A repost from the Witch’s Kitchen blog, which will soon go away.
Last year, my husband and I made 3 types of chocolate truffle for the holidays. One was plain, one was Kahlua, and one was Bailey’s Irish Cream. They went over so well with our families that Scott’s sister mentioned that we should do a family candy swap this year. So, we are. Everyone else made cookies, except my brother who is making pumpkin gingerbread. (Well, I’m making it for him, but don’t tell. He’s 20 years old and lives on his own. He’s poor, and can’t afford to bake.)
Scott and I will be making truffle again, but this year’s will be so much more special. We’re only making two types. One is a lavender truffle, which will use organic true lavender essential oil from SunRose Aromatics. Recipe for this one is below. We’re keeping this one a secret from the families, because it will be such a special confection. None of them read this blog, though, so you get to enjoy it now.
The other will be a rum and honey truffle, for which I’ll post the recipe another day.
Note: the base truffle recipe here is from Martha Stewart. I adapted it to be lavender.
Makes about 5 dozen
28 ounces bittersweet chocolate, finely chopped
3/4 cup heavy cream
1 cup (2 sticks) unsalted butter, room temperature
Unsweetened cocoa powder
Lavender essential oil, organic is a must!
Measure out about 1.5 tablespoons of the vanilla vodka and add 7 drops of the essential oil. Swirl them together and allow them to blend while you continue.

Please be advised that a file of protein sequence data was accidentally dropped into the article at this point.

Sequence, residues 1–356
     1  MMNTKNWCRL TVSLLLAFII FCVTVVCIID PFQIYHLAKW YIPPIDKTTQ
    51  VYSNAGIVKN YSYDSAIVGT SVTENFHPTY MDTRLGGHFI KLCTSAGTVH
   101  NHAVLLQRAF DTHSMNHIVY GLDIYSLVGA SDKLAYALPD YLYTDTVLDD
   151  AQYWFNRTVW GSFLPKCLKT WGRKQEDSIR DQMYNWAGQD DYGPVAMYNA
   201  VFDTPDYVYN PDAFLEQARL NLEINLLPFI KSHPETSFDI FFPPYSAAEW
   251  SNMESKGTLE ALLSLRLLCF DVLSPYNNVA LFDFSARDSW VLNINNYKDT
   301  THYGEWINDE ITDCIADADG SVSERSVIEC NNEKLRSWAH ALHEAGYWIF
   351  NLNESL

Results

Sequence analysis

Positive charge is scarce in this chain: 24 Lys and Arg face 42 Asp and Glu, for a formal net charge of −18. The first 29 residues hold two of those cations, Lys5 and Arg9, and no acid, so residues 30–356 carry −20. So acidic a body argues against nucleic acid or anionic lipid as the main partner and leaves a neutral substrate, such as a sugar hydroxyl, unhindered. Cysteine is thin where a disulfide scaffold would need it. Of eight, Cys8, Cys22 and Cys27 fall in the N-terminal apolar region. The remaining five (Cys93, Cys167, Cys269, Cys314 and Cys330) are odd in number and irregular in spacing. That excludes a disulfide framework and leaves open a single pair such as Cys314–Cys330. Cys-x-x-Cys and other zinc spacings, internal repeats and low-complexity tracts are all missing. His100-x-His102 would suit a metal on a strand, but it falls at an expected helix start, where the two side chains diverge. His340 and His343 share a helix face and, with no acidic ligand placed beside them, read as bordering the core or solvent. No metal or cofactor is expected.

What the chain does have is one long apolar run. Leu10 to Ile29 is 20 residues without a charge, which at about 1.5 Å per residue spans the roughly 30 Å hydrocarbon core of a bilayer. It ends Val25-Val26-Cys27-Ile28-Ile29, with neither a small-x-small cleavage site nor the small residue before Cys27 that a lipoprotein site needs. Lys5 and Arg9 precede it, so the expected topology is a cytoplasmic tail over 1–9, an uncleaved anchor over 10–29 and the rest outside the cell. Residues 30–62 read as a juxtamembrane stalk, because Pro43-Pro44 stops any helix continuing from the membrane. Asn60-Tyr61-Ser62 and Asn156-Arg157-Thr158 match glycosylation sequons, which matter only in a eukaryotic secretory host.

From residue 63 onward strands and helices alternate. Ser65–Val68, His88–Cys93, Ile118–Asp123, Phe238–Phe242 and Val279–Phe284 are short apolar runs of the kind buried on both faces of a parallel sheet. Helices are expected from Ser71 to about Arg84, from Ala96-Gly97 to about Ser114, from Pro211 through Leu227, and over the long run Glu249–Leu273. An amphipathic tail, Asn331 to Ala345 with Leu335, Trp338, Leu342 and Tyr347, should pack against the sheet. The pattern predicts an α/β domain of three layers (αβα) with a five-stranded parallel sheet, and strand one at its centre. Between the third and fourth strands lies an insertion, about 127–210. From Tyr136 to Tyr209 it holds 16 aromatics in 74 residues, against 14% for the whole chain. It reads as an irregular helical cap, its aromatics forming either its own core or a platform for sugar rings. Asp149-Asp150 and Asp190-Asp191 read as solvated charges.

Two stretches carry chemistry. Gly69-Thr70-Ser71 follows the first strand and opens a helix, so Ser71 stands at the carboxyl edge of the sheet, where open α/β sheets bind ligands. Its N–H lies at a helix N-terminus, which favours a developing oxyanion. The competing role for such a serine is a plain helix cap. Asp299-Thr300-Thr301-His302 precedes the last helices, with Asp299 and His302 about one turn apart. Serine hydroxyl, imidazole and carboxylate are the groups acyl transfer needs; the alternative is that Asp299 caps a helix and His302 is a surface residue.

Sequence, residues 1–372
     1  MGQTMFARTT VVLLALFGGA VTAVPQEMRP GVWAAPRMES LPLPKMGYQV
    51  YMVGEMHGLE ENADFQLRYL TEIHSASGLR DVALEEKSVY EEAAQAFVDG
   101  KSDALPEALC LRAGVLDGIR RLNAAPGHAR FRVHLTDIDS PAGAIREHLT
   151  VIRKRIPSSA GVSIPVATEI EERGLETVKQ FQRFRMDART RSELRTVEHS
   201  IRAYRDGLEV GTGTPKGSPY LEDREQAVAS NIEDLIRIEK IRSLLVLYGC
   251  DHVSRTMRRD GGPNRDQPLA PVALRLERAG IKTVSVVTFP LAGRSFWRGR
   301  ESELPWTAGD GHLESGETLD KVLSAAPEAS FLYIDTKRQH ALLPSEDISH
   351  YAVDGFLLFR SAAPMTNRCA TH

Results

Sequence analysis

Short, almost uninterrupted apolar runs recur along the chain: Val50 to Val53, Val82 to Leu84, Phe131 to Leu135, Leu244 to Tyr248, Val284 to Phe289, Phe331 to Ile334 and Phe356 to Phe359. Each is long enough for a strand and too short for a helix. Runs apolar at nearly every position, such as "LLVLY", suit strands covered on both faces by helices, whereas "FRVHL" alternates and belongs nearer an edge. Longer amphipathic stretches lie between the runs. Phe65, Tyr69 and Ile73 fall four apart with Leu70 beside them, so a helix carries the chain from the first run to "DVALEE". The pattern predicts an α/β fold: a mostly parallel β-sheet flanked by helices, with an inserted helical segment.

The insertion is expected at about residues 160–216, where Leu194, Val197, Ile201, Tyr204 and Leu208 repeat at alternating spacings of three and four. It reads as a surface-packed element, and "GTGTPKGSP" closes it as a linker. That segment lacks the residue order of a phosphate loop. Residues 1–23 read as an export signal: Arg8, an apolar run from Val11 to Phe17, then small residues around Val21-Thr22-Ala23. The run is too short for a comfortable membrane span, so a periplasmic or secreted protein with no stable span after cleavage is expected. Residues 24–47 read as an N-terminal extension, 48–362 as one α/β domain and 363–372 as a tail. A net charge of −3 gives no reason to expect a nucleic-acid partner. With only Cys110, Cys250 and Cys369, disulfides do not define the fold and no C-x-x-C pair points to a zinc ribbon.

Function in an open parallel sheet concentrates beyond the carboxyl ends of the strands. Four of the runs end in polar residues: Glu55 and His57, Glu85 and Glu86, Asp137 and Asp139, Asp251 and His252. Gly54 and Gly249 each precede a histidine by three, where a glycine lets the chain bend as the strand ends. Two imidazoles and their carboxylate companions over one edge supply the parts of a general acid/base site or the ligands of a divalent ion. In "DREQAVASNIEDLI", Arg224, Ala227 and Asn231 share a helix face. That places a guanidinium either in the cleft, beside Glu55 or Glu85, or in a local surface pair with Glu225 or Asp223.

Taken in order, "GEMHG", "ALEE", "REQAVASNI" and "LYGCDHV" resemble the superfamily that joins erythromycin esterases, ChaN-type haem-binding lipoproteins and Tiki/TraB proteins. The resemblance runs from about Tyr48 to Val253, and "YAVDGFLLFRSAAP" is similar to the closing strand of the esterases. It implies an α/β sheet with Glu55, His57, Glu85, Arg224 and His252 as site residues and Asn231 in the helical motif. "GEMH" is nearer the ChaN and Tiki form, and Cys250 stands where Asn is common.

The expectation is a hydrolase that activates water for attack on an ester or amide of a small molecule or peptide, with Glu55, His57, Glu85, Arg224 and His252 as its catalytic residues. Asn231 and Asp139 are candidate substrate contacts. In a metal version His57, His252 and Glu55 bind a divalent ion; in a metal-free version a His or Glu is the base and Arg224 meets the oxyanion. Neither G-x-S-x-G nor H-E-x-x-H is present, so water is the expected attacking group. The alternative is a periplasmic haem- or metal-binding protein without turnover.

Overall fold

Make the ganache: Put 16oz. of the chocolate into a heatproof bowl. In a heavy saucepan, bring the cream and the butter to a low boil. Immediately pour over the chocolate. Swirl the bowl to cover all the chocolate. Allow to sit for a few minutes so the chocolate melts; stir until all the chocolate is melted and everything is combined. Add the vodka and stir well.
Cover the bowl with plastic wrap and chill about 2 hours, until the mixture is very cold but still pliable.
Melt the remaining 12oz. chocolate in a double boiler of the microwave. Remove from heat and allow to cool to room tempurature.
Line two baking sheets with parchment or waxed paper. Form the ganache into 1-inch balls and drop onto one of the lined baking sheets. This is much easier to do if you use a small ice cream scoop or a 1-inch melon baller. Chill for 10 minutes.
Coat the palm of one hand with about 1 teaspoon of the melted chocolate. Roll each ball between your palms until evenly coated with chocolate. Roll in cocoa powder to coat; gently tap off excess. Repeat until all balls are done, recoating your palm with chocolate as needed.
Chill until ready to serve, but allow them to come to room temperature before serving. Truffles can be stored, refrigerated in an airtight container, for up to 2 weeks.